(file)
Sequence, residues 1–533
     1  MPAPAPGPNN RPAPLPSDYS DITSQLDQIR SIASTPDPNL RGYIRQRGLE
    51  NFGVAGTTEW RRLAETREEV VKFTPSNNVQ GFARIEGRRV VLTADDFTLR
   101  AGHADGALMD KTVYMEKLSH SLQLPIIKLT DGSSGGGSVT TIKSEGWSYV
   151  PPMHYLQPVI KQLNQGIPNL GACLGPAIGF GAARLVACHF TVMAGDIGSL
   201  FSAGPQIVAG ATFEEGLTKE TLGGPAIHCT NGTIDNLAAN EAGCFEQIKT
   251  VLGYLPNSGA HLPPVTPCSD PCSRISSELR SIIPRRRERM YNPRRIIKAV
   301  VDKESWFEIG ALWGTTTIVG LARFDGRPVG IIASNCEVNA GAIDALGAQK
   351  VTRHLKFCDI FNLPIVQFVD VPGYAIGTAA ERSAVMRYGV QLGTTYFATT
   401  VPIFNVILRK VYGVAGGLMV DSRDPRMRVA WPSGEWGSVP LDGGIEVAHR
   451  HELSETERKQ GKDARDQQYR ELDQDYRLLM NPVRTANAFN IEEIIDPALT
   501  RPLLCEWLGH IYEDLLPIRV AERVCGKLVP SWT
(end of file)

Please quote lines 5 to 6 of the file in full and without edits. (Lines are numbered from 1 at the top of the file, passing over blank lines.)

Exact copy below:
   151  PPMHYLQPVI KQLNQGIPNL GACLGPAIGF GAARLVACHF TVMAGDIGSL
   201  FSAGPQIVAG ATFEEGLTKE TLGGPAIHCT NGTIDNLAAN EAGCFEQIKT